I am coming to terms with the fact that new seasons call for an adjustment in expectations. I realize now that much of the frustration I battle on a daily basis comes from striving to maintain expectations that I set for myself when I was younger and single. Now that I am married, have children, and am facing an imminent move in the near future it is time for them to change. Here are a few of the most significant ones:
*Relational priorities must be rearranged. My relationship concerns used to be all about other people. Who was my friend? Who wasn’t? Did I offend that person? Why hasn’t she called me back? How can I be more likeable? Is that person hurting? Does my coworker need encouragement today? Is it my turn to arrange the next visit? Now that I have little ones, I realize that I can’t baby adults anymore. Each person needs to solve their own problems, deal with their own feelings, and cultivate their side of the relationship. Of course I still want to stay close to friends and family members, but I no longer have the time and energy to do both their part and mine in staying connected.
*Materialism must be minimized. I like my stuff. I have invested a great deal of time, effort, and money in collecting and caring for my treasured possessions. Some of these include a beautiful library of favorite books, a decent collection of music and movies, and much beloved keepsakes and souvenirs from the past. Nearly two years into marriage and nine months into motherhood, I see that things are not people. Yes, my home should be clean and comfortable but not obsessively so. When it comes to spending time with my husband on his day off and cleaning – I should choose him. If there is a choice between letting little hands enjoy a treasured item or saving it in case it might get dirty or damaged – it should be used. And when it is time to pack up and move to a new home, rather than fear that something might get lost or broken, I need to embrace the adventure and trust God to provide for our daily needs.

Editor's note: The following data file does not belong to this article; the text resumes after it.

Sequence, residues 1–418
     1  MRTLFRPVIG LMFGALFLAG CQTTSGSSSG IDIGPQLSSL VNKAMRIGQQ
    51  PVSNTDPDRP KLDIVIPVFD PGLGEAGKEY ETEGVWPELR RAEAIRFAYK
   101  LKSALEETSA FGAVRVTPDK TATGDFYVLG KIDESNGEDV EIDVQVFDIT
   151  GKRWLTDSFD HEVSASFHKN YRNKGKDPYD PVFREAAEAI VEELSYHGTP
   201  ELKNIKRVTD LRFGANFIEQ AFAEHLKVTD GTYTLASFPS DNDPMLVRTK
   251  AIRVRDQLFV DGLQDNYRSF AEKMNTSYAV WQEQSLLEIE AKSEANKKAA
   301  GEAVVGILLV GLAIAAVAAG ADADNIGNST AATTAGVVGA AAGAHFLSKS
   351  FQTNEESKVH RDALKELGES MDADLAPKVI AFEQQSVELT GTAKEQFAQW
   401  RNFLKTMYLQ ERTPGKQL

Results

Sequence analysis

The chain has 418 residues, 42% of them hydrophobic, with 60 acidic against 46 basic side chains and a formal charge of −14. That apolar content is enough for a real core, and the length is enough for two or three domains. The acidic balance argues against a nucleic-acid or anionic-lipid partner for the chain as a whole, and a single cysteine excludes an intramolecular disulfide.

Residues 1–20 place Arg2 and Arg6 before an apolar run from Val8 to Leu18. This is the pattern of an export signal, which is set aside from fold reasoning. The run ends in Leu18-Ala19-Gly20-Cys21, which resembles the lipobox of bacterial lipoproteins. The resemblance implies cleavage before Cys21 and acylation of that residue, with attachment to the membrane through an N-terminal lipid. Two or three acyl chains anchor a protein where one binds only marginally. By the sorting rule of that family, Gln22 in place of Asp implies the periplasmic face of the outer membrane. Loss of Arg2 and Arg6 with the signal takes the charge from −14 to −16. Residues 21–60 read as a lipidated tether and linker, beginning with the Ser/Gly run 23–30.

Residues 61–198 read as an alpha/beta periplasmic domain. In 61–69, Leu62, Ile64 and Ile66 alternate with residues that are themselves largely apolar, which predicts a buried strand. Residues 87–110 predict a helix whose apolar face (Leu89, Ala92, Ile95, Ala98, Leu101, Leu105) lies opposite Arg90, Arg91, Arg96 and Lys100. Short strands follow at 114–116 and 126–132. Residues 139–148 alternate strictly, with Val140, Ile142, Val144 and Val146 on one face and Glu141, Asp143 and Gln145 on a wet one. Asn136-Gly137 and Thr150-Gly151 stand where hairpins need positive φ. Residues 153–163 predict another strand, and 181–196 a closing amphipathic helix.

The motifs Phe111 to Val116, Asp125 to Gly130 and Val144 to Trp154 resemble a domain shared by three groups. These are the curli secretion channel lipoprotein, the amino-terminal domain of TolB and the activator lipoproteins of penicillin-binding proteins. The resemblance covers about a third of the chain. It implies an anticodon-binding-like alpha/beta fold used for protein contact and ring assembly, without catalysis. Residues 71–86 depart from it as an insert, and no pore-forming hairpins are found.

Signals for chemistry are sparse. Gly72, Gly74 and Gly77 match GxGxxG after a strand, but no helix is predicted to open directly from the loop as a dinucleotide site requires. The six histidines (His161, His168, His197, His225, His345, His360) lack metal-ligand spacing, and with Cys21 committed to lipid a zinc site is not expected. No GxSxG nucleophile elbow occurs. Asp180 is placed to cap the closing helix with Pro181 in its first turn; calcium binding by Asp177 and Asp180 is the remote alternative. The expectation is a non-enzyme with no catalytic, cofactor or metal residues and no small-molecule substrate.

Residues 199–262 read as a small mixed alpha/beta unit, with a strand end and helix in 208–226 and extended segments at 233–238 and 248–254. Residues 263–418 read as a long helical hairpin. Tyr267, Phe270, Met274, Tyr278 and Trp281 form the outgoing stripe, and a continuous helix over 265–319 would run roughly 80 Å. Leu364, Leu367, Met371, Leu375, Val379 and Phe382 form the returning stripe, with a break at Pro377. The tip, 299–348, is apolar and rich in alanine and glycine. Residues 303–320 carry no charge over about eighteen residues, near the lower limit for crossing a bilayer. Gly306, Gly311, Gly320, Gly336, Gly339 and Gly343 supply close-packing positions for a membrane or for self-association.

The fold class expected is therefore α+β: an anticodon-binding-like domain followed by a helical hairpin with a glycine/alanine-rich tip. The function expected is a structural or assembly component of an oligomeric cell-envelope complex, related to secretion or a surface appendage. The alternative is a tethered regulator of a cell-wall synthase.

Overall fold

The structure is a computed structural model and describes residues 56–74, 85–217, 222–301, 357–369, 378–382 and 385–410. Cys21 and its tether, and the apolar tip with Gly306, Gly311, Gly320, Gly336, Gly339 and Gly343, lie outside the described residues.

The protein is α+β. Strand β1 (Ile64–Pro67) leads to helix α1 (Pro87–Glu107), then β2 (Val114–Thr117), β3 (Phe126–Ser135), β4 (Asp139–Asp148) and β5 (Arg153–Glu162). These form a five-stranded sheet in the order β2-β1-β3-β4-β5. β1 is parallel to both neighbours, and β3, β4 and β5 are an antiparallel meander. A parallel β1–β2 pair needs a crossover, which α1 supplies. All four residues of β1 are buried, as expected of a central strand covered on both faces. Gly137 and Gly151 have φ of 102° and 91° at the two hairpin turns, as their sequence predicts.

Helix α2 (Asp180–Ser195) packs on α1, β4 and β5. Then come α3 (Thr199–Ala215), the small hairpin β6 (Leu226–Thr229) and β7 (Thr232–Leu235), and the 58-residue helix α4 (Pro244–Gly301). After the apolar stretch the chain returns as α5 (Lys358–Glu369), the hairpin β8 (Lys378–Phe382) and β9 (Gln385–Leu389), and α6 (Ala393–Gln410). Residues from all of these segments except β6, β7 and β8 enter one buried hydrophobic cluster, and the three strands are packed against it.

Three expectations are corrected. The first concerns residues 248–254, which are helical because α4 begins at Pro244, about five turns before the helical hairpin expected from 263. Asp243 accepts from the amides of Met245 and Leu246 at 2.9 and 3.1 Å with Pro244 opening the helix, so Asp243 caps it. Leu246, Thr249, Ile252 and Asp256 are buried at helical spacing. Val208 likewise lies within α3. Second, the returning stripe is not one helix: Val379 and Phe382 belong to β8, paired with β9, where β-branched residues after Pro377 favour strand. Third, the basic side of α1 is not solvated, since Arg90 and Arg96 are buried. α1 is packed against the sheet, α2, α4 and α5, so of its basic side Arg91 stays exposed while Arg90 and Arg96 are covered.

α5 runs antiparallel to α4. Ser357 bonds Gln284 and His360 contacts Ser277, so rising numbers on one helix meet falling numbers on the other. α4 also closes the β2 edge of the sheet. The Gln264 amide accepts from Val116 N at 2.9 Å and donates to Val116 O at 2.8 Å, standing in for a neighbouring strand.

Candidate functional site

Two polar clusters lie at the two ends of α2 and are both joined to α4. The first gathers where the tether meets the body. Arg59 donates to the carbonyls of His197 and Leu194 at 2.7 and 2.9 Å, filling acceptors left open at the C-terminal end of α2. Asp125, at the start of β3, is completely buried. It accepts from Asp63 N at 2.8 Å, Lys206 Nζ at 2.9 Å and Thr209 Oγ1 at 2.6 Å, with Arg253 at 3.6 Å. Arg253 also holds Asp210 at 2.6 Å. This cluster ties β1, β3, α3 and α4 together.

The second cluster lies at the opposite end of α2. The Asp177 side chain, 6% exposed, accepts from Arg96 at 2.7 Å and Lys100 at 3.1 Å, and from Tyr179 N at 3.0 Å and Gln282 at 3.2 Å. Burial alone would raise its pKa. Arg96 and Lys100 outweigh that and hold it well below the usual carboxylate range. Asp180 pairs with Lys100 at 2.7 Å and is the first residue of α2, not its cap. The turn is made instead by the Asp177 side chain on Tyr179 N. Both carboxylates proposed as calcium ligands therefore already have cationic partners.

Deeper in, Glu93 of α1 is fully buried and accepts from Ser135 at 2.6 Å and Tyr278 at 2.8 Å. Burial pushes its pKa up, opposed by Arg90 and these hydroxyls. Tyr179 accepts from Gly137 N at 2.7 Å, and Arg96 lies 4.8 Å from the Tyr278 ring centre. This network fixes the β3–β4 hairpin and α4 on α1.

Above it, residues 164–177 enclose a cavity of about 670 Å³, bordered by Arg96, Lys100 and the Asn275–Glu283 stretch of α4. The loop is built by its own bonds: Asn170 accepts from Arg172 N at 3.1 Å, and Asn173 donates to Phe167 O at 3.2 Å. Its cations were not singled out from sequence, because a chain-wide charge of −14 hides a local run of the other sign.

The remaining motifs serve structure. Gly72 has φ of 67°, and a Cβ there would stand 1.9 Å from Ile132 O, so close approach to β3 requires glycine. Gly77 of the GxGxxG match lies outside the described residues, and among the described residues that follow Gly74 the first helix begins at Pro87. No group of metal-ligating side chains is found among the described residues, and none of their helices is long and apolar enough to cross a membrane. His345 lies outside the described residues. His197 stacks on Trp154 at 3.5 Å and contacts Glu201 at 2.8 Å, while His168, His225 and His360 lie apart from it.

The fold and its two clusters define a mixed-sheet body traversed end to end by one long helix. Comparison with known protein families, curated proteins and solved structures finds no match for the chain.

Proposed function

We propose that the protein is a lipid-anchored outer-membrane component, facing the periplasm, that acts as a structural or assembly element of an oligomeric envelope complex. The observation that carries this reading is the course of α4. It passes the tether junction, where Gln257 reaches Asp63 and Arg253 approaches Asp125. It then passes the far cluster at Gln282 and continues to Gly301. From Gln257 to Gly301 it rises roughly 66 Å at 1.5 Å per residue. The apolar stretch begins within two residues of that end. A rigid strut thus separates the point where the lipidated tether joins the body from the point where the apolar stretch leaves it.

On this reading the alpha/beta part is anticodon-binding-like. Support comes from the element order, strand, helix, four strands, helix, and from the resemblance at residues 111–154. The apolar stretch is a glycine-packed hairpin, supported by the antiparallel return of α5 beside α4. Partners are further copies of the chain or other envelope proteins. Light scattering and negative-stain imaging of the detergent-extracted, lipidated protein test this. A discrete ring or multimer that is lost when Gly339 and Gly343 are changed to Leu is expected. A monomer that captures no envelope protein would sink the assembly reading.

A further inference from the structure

*A day’s chores can be accomplishment enough. My old norm was to pack my daily to-do list with a dozen and one tasks of all genres. I would write down everything from cleaning and exercising to lesson planning three months in advance to letter-writing and blogging, and maybe throw in time to plan a few Christmas gift ideas too. It has been a painful process to slash my list down to morning chores, planning dinner, and if I have time, write one letter. My heart is finally recognizing that every chore can be an act of love and spare moments are not wasted if they are spent being silly to earn baby giggles. The new demands on my time require much energy and organization, but they are all good and necessary things. Extra or different does not always mean better; daily and ordinary do not always mean less significant.
I am sure that as the days and weeks roll by, as my family grows in number and size, as the view from my back porch changes, I will continue to see the need for adjusting my expectations. Through Christ’s patient pruning, molding, and convicting I will be more ready to accept that my expectations are not being lowered, they are just a little different from what I was used to.